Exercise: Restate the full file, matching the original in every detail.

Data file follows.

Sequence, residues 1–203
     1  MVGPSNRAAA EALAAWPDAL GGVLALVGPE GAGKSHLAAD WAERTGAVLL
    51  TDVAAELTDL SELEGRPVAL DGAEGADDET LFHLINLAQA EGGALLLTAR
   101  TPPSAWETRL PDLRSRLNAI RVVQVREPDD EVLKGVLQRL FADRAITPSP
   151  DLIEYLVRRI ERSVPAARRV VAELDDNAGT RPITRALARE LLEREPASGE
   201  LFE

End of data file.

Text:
Sequence, residues 1–203
     1  MVGPSNRAAA EALAAWPDAL GGVLALVGPE GAGKSHLAAD WAERTGAVLL
    51  TDVAAELTDL SELEGRPVAL DGAEGADDET LFHLINLAQA EGGALLLTAR
   101  TPPSAWETRL PDLRSRLNAI RVVQVREPDD EVLKGVLQRL FADRAITPSP
   151  DLIEYLVRRI ERSVPAARRV VAELDDNAGT RPITRALARE LLEREPASGE
   201  LFE